Note: We are updating our Kindergarten Daily Lesson Plans, temporarily removing them from our online catalog.
Feel free to modify an activity so that it fits your student. If he has fine motor difficulty, for example, you might want to shorten his copy work selection or let him dictate some of his other writing assignments to you rather than have him struggle to do all of the writing himself.
Generally, our reading levels lean towards the higher, rather than the lower end of the scale. However, if your student is an exceptional reader, you find the reading is too easy.
If you also own our Unit Program Tools and the Daily Lesson Plans, refer to your Unit Program Tools to find additional reading selections on the same topic as the books in your lesson plans, but at a higher reading level.
In this case, we recommend following the Lesson Plan’s schedule and activities and adding or substituting higher-level books.
Note: the copy work, vocabulary, and spelling words are chosen from the reading specified in the Daily Lesson Plans, so they would no longer be as relevant to your student if he does not read the stated assignment.
No, you absolutely don’t. We give you a book list in our Daily Lesson Plans and tell you how many and which weeks we use each book. You may substitute another book for one that is used less often. That is perfectly OK!
Or, if you want to skip a book altogether, you may do that. However, the language arts (spelling, vocabulary, composition, and grammar) assignments are integrated into the main history and science reading. So we suggest skipping the books used just for reading, but not for language arts.
However, that said, you can still effectively teach using different books – you may always follow our lead in the Daily Lesson Plans and develop similar lessons using your preferred book.
We do include Scripture memory during our Ancients unit when the Bible is one of our primary texts. However, we leave that up to you for the rest of the year. Each family has a preferred version of Scripture, and each student has differing abilities in this area.
We encourage you to include Scripture memory and devotions in your homeschool, even though we don’t include them on a regular basis in our curriculum. (Although we always support biblical values and concepts in all of our curricula from Kindergarten through High School.
We believe in many of the principles and methods espoused by Charlotte Mason who used copy work as well as narration as very useful methods for students to assimilate knowledge and learn how to write. Copy work also offers the chance to study excellent writing models, which is much more relevant to students than random worksheets and workbooks.
We’ve found with our kids that grammar rules are much easier to teach and remember when taught within the context of ‘real’ writing.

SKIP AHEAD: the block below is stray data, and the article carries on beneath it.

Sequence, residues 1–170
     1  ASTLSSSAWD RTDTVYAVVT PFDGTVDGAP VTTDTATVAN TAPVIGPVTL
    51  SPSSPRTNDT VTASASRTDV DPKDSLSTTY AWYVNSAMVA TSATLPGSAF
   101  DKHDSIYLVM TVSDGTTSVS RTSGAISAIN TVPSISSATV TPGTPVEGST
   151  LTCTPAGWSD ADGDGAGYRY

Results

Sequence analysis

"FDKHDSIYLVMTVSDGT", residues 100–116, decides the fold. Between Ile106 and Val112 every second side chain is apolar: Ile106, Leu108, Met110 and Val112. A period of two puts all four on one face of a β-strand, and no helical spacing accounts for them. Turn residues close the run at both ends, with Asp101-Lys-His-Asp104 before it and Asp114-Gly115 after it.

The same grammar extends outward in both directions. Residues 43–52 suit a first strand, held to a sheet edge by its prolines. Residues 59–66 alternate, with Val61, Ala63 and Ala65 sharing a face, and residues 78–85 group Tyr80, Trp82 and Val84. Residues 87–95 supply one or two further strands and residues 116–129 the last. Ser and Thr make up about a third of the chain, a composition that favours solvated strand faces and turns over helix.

The out of print books we suggest are particularly good works. At the time of publication, they are readily available either through your public library system or for purchase as used books inexpensively online at Amazon.com, Barnes & Noble, and/or Half.com. Many of these are worth collecting!
There are many evaluation tips and answer keys for specific assignments in the Daily Lesson Plans. Also, much general information is given about how to evaluate students’ writing in our Teacher’s Manuals, which are available separately or as part of our Unit Program Tools. (Additionally, there are detailed evaluation instructions in all of our High School Courses.)
If you need more help than that, we recommend you purchase language arts resources/writing guides written at the level of your students. (See our Language Arts Resources page.) This will also help you explain language arts concepts at your student’s level and be easy to understand for everyone.
In our High School courses, we include answer keys, grading rubrics, and evaluation tips for each and every assignment. We also recommend you have a solid high school or college-level writing resource book. (Again, see our Language Arts Resources page for ideas.)
Of course, you don’t have to do everything suggested in the Daily Lesson Plans! They are to be used as a guide, but please tailor them to fit your family.
And I found it worked best with my kids to gently ‘transition’ into school after an extended break. You might want to take one to three weeks, for example, to ramp up more slowly, adding a subject every day until you build back up to your normal school day.
That is no problem. Each day is numbered rather than dated, so you can pick up easily where you stopped.
These plans are to serve, not enslave you! Work at the pace that fits your family. There’s no law that states you have to finish on anyone’s schedule other than the one that fits your family. We can’t emphasize this enough!
Many people opt to skip some more minor assignments if they need to, to finish when they would like to finish. Others decide to work on a few areas over a break until they are done. It is really up to YOU.